ORONO — Out of the trunk of her Subaru, a Vietnamese woman sells egg rolls and noodles. Steam from the warm food condensates in the plastic containers. It’s February, it’s cold, but it’s sunny enough to keep producers and customers coming.
And that’s why Bich NGA Burill of Orono is here. Clad in peacoat and head and neck warmer she greets her customers with the same smile she does in the summer or any time of year for that matter. A shopper buys the two of the pre-prepared meals and four egg rolls.
“You’re here hell or high water,” the customer says.
Burill raises her fists to the sunny winter air glittering with snow taken up by a gust of wind. “I’m not afraid!” she says.
The parking area around Burill’s vehicle is filled with 20 trucks and cars, with the back doors open to customers wrapped in scarves and mittens. People are smiling. People are laughing.
The Orono Winter Farmers Market in held in the Pine Street parking lot (behind Pat’s Pizza) the second and fourth Saturday of each month, 9 a.m. to noon, December through April. An offshoot of the summer farmers market begun in Orono 19 years ago, the winter market began monthly around 2006; the actual start date is debated between longtime attendees. I
In 2008 the market changed to twice a month with the help of lobster vendors, Caty and Perley Frazier of the Lobster Shack. In the cold months around 70 customers visit the winter market.
More foods such as freshly baked bread are available at the winter market, as well as staples like eggs, pork, cheeses, and prepared meals like Burill’s. “You can’t really get this kind of food anywhere else,” said Marley Rosen of Acton, Mass., a UMaine student.
Although there are many producers around age 30 and there are some college students in attendance, the winter market is frequented largely by seasoned veterans. Jim Freyenhagen of Union has sold maple syrup at the Orono summer market since 1996. At age 73, Freyenhagen finds the Orono market to be the strongest.
“There’s a very good following of local people, a pretty loyal bunch of customers,” he said.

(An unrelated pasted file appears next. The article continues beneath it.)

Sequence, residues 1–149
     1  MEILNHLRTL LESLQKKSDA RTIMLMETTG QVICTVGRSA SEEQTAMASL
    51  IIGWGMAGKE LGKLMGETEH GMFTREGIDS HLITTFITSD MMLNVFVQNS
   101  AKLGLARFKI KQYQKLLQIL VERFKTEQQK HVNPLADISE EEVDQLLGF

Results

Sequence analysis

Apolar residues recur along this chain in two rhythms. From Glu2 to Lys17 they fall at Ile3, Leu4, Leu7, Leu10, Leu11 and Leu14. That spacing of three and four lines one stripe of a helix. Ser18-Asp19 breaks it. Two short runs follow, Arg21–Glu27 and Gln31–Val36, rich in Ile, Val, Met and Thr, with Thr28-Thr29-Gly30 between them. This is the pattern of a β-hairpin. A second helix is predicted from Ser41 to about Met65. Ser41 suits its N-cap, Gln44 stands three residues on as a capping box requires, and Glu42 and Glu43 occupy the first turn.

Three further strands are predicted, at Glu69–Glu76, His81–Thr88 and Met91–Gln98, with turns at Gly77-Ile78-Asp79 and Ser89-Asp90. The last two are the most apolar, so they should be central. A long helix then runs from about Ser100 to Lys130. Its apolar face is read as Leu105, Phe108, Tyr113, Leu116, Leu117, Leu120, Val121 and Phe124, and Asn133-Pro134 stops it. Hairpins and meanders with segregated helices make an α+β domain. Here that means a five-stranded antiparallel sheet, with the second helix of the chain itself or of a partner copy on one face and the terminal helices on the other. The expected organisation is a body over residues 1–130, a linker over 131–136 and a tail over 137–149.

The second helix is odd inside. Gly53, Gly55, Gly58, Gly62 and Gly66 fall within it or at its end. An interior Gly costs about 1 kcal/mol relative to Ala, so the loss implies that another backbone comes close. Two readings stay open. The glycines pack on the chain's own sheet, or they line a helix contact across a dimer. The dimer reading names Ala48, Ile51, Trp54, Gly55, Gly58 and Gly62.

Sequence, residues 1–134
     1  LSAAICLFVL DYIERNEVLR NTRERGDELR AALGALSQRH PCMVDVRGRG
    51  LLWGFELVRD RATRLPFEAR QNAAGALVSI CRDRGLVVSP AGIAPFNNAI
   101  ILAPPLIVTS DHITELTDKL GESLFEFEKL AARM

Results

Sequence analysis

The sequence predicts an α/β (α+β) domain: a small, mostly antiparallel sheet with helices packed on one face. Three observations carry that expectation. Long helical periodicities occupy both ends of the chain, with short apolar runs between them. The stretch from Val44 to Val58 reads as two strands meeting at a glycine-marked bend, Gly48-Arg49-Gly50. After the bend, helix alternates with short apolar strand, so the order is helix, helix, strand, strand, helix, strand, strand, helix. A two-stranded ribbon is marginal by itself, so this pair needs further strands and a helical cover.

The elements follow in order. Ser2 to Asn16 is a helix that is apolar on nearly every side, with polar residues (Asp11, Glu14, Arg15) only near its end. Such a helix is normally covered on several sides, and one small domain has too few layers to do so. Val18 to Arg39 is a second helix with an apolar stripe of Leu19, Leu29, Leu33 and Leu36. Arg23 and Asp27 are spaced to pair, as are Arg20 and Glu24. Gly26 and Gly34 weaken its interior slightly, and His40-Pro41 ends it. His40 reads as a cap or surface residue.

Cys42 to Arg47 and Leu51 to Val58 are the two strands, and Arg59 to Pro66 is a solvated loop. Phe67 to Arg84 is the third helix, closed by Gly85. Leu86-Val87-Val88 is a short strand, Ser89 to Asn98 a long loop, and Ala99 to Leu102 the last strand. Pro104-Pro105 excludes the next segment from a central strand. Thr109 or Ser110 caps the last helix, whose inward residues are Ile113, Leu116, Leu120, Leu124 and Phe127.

For Bill Neville of Tangled Oak Farm in Pittsfield, personal sustainability is part of the reason he’s a farmer in the first place. In 2004, he lived in a condo with a long commute and a white-collar job. One day, he gave it all up became a pork, beef, and vegetable farmer and started Tangled Oak Farm.
Nine years later, he’s still happy he made a change. “Absolutely, every single day,” he said.
For Don and Kelley Jones of Orono, 15-year customers of the farmers market, the payoff for helping farmers is worth the money. “In reality, it’s pretty close [in cost]. You’re getting a higher value and higher quality [product] in my book,” Don said.
Kelley Jones has not bought meat in a grocery store in 10 years. “As much as we are carnivores, we don’t support [industrial] company farms, and I don’t have to,” she said. Buying farm shares changes her and her husband’s roles from “passive consumer” to “active co-producer,” which allows farm shareholders to help slow-food farmers collectively.
The winter market, although not as robust as the summer, provides more than just food; it provides promises, including farm shares. When their fall yields run out, many farmers sell the latest in producer-consumer relationships. As part of community-supported agriculture, clients buy a stake in the farm and redeem their share throughout the year in the winter and summer farmers markets.
The benefit? Farmers get the money up front to help them buy seeds and get through winter. Consumers also get 5 percent to 15 percent bonuses depending on the size of their share. It’s a win-win, giving farmers the up-front guaranteed income they need and providing consumers with flexibility by allowing them to buy more food some weeks than others.
It’s a symbiotic relationship that exists all year round, no matter what the temperature.
“It’s no great thing, being outside,” said Hanne Tierney of Cornerstone Pork Farm in Palmyra. “We’re farmers, we work outside, whether we’re here or not.”